Flipping the History Book: Boston Celtics vs. Philadelphia 76ers Rivalry

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Wilt vs. Russell

In baseball, there are all-time greats — guys like Willie Mays, Mickey Mantle, Joe DiMaggio, etc. But there’s only one Babe Ruth.

Ruth has reached almost demi-god status. He’s a ghost. A symbol of a once-upon-a-time where baseball was larger than life. Baseball was the epicenter of American sports and Ruth served as it’s King. Wilt Chamberlain and Bill Russell are the two closest people the NBA has to that type of legendary status, even though Russell is still very much alive. They were that important to the game.

If Magic Johnson and Larry Bird are credited with bringing basketball out of its own Dark Ages, then Chamberlain and Russell built the original pillars, drew up the blueprints and created the aqueducts of the NBA’s first great empire.

Chamberlain was a freak of nature by all accounts, but in the best way possible. He was blessed with tremendous strength and length that dominated opponents into submission night after night. His per-game stats during his best years would shatter todays NBA center’s best numbers for an entire week. His 100-point game against the Knicks in Hershey, PA and his 1961-62 season averages of 50 points and 25 rebounds will forever live on in basketball lore. Even children today are familiar with the name Wilt Chamberlain, which speaks volumes about his impact on the game.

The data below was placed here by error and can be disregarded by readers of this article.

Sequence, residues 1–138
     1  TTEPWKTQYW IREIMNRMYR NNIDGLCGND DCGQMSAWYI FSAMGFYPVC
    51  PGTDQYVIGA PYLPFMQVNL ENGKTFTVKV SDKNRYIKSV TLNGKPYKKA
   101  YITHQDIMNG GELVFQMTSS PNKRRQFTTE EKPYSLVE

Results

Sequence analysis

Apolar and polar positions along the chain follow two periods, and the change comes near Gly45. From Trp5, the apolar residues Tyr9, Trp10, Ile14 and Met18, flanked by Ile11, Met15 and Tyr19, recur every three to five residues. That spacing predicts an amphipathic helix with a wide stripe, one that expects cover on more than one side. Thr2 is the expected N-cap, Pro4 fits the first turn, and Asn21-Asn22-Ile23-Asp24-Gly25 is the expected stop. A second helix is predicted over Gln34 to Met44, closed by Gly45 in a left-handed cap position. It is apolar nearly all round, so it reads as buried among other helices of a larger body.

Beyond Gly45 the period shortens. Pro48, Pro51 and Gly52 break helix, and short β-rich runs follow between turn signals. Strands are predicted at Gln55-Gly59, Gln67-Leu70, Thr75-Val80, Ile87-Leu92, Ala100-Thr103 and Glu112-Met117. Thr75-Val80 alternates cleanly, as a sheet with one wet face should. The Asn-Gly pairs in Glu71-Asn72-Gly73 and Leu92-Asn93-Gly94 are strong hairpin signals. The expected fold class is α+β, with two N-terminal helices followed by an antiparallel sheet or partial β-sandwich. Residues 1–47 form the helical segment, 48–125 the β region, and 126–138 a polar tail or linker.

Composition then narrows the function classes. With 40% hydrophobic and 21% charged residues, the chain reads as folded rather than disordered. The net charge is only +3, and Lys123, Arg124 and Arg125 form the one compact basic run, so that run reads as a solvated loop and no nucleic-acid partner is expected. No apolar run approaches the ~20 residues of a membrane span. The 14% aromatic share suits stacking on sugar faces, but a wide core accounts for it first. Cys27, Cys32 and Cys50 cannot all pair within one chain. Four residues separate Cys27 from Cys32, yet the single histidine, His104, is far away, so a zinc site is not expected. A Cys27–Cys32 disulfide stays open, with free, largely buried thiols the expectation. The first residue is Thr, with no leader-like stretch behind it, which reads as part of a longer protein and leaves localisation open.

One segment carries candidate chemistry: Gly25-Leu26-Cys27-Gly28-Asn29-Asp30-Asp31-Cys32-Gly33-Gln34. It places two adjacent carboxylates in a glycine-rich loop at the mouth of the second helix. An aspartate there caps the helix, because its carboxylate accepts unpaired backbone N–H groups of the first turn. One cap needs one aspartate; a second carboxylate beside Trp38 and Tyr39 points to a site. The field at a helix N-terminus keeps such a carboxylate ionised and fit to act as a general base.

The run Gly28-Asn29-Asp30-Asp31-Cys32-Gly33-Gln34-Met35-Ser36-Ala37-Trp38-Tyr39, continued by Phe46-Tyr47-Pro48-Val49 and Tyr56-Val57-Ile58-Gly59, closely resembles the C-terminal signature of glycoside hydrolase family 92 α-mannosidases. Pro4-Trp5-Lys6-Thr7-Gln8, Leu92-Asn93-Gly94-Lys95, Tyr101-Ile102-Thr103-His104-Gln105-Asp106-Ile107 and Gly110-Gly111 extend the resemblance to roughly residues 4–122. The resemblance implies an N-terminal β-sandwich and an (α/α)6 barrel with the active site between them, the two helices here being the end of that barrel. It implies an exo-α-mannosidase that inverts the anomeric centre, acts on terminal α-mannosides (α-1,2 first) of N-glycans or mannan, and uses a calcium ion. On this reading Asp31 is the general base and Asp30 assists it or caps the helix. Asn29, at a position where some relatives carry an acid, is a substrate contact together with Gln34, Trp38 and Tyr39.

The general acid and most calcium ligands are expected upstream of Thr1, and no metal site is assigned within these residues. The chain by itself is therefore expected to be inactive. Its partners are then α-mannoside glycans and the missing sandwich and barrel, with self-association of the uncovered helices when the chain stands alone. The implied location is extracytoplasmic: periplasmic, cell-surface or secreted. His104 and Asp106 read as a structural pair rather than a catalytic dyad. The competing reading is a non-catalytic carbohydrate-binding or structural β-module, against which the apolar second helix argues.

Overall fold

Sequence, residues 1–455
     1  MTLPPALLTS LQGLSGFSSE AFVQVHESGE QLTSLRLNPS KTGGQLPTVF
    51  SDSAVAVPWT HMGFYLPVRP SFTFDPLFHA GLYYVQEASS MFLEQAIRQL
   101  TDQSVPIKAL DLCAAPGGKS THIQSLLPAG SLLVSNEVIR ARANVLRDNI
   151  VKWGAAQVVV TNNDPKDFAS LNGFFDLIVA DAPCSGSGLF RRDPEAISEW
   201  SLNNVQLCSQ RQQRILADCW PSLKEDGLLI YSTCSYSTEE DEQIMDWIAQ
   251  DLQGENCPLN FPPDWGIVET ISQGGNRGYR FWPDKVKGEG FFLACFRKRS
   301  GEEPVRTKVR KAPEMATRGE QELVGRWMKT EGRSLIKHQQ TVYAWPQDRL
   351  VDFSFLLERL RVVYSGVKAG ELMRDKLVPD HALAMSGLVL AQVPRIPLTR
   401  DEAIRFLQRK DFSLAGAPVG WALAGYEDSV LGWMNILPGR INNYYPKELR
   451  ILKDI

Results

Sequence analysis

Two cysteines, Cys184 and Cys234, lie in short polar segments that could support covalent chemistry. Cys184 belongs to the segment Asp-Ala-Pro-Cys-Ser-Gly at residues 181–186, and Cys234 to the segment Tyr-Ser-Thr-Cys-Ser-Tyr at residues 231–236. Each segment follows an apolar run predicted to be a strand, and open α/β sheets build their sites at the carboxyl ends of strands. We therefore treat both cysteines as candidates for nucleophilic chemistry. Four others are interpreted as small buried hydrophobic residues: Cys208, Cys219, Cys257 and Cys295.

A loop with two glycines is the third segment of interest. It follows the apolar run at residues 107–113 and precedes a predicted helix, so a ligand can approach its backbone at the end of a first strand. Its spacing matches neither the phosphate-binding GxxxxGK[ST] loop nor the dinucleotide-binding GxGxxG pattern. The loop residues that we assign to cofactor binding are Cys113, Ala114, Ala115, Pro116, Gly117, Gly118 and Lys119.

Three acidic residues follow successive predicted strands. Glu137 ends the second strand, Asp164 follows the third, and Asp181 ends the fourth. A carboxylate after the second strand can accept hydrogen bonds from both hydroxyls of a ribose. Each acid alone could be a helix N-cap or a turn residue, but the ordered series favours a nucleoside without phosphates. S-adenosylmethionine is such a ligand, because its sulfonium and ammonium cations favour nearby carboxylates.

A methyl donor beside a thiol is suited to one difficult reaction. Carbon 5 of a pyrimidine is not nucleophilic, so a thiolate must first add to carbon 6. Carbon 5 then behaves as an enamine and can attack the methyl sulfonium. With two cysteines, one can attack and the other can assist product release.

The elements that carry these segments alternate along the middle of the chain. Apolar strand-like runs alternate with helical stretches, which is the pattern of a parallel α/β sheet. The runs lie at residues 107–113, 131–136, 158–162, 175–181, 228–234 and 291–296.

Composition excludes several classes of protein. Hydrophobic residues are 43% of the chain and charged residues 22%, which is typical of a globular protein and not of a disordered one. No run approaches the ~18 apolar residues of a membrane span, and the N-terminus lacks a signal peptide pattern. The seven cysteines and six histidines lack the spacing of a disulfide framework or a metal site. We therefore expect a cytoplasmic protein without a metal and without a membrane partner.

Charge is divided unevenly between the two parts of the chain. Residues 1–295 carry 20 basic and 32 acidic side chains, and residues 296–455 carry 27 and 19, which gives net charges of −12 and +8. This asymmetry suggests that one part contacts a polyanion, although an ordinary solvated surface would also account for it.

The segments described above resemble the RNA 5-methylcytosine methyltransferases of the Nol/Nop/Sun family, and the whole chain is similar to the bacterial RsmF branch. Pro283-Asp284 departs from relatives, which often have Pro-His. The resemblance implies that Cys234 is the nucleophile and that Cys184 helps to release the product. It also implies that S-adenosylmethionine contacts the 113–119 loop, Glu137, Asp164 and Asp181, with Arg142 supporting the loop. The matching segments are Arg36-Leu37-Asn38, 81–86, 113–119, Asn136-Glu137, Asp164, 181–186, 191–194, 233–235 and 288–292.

On the other hand, Russell was the greatest winner in NBA history. A five-time NBA MVP and 11-time World Champion, Russell was the antithesis of Chamberlain’s one-man show. He only averaged 15 points a game for his career, compared to Chamberlain’s 30. His Celtics teams featured Hall of Famers Bob Cousy and John Havlicek. Russell was the defensive anchor, team leader and later in his career, player-coach. While Chamberlain got the records, Russell and his Celtics got the rings.

Russel and Wilt played head-to-head 51 times in the regular season from 1963, when Chamberlain was a member of the San Francisco Warriors, to 1969, when Russell ultimately retired. Russell’s Celtics edged out Wilt 26-25, and in their 36 playoff matchups, the Celtics were once again victorious 21 times. Chamberlain outscored Russell 23.2 to 10.8 in the regular season and 23.4 to 12.6 in the playoffs.

Russell’s Celtics are often talked about as the greatest NBA franchise and it’s well deserved. From 1959-1969 they won every NBA championship, except the 1966-67 season when Chamberlain, Billy Cunningham, Hal Greer and the rest of the 76ers finally broke through that Celtic wall and won their first championship.

The Celtics may have more hardware, but the rivalry wasn’t nearly as one-sided as you’re often led to believe. Chamberlain is a giant in basketball history. Every young basketball fan should read up on his exploits. He was one of a kind. And Chamberlain and Russell’s rivalry, the Joe Frazier and Muhammad Ali of the NBA, is one of the all-time great rivalries sports has ever seen.